If you do decide to enter one anyway, against all our advice, make sure you read the terms and conditions really well. Always read the fine print.
7. “We are reviewing proposals before choosing an artist. Would you provide a few concepts?”
Jing Wei, Illustrator, Brooklyn
I have seen many emails that sneak in language that basically translates to a request for spec work. There is an intentional ambiguity on the topic of payment, which bothers me to no end. Clients who ask for sample sketches usually rely on the fact that the artist either doesn’t know any better or wants the job badly enough to do the work. On top of that, there’s the threat of competition from other artists, which makes some people think this is the norm or if they don’t participate, they could automatically lose the job.
In the early years of freelancing, there were definitely times when I gave clients the benefit of the doubt and provided sample illustrations. It’s easy to be wooed by the prospect of getting a big project, to the point where you may be willing to take the gamble. However, you deserve to be paid for the time you’re putting in, regardless of whether or not your work is ultimately used. It never hurts to ask for what you believe is fair. If they say no, you’re probably dodging a bullet.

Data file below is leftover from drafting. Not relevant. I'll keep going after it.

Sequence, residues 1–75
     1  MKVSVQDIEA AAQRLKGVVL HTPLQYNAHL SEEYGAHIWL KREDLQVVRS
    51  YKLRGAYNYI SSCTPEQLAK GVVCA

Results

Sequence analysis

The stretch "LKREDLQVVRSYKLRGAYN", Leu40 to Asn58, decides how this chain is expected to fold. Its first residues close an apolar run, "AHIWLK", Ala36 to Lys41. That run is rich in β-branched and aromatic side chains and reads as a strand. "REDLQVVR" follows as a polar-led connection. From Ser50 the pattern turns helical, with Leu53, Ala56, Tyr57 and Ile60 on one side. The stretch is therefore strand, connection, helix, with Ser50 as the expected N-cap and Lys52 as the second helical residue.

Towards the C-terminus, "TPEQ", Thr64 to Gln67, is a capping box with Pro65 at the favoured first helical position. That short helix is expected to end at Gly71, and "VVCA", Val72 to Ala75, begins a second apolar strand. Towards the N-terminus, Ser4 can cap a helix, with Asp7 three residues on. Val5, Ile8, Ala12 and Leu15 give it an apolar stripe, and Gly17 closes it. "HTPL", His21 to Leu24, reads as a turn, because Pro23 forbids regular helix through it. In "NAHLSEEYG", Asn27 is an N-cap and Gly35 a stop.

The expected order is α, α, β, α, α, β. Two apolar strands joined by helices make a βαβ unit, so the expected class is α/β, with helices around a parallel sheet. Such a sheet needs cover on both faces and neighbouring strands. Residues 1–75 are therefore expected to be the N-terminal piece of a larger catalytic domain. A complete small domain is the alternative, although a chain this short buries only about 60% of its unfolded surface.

8. “We can’t offer you [fill in an adequate hourly or project rate here], but we can give you exposure”
Willa Koerner, Creative Content Director, The Creative Independent
This hints that the person seeking to hire you thinks their own product/idea/team is so great that you should want to work with them, regardless of whether or not they can afford you. This is bad for two reasons: 1) they will never pay you what you deserve, and 2) it demonstrates a narcissistic attitude to doing business. This sets you up to be taken advantage of Every. Single. Time.
In the tech world, people often fall victim to “drinking the Kool-Aid” of their own idea. That extreme level of buy-in helps them press on and convinces others like investors (or you) to take a risk on them. When a company or person approaches you assuming you should be willing to expend your time and energy in service of their idea for inadequate compensation, there are narcissistic forces at play. These types of people don’t see a problem in co-opting your time for their own benefit. Steer clear of anyone who assumes their vision is so great that you’d be lucky to work with them, even if they can’t pay you what you deserve.
On top of that, if you say yes to gigs that don’t pay fairly, you are doing your peers a disservice by prolonging the misinformed idea that the type of work you do can be offered for free or cheaply. I can’t believe there are still so many people/companies out there trying to get away with not paying people for their honest work. If someone offers to pay you something other than a fair rate for your work, let them know you are unable to take the job. And, if you’re up to it, tell them you don’t think anyone else will either.